Regine Olsen and Soren Kierkegaard

The strange story of Soren Kierkegaard and Regine Olsen is more than a puzzle for unemployed biographers. Soren's decision to break off their relationship seems to have been motivated by a desire to administer the same sort of "test" that he gave to his readers when he wrote his deliberately misleading or otherwise "ironic" works. As Palmer points out, Regine, like most of those readers, failed his test in the sense that she did not "get" the cryptic messages that he left for her in books that he wrote afterwards. Although heartbroken, she bounced back and married an old boyfriend, whereas Soren languished in bitter disappointment for the rest of his life. One might ask if it wasn't Soren who didn't "get it," since his decision to subject his beloved to such a test put him in the same category of arbitrary authority that God inhabits in the (even more strange) story of Abraham and Isaac. And playing God is, well, not quite the same thing as a leap of faith...

The Royal Palace in the heart of Copenhagen

The three stages of selfhood, which Kierkegaard called the aesthetic pursuit, the ethical life, and religious commitment (the "leap of faith") are justifiably famous. However, I can't help thinking that he was a little hard on those who relish the first level, since he seldom distinguishes between sensualists and those who try to live their lives as (to cite Walter Pater) "a hard gemlike flame." There may indeed be a hierarchy such that the religious "Knight of Faith" outranks the "Aesthetic Man," but that doesn't mean that the pursuit of beauty is itself ignoble. Furthermore, for all its bombast, the title of his essay Either/Or may be a bit simplistic: although situations sometimes arise when one must make a painful choice between beauty and goodness (or as Abraham discovered, between rightness and faithfulness), such situations are not the norm. At least they ought not be the norm if a person really cares about living a life that is respectful of otherness — to be spelled with both lower and upper case "o's."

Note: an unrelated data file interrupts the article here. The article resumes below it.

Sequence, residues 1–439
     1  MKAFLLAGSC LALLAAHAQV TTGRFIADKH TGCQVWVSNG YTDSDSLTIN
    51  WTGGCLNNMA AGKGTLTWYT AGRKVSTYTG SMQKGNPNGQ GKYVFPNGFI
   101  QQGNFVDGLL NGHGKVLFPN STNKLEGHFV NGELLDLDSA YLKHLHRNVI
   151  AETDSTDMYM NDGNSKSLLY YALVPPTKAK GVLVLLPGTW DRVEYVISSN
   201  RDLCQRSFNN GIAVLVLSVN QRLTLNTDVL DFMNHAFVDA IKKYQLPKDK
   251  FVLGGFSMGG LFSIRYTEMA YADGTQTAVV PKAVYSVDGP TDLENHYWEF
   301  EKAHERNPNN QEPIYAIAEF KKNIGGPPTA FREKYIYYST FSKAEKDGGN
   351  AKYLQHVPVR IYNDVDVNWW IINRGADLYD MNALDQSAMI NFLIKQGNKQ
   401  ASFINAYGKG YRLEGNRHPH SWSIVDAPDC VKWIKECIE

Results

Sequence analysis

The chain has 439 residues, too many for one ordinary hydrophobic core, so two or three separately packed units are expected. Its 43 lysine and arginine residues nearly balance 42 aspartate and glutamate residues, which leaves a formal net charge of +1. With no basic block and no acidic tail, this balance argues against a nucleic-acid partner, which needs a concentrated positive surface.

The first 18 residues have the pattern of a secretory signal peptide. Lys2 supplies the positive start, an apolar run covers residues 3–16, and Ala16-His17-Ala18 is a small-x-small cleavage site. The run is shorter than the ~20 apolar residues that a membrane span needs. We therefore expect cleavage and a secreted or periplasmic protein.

For these reasons, I choose the "Mickey Mouse Model" (p. 165). Like Aristotle, I think human flourishing is a comprehensive concept and not an "either/or" — at least not in the strict sense. What's your view?

An Existentialist Hero cozies up to the prospect of radical absurdity


There will be no assessment quiz for this chapter. But help is at hand. Just go to the end of the chapter where you will find a summary and set of study questions that will help you get ready for the in-class quiz on Chapter 6.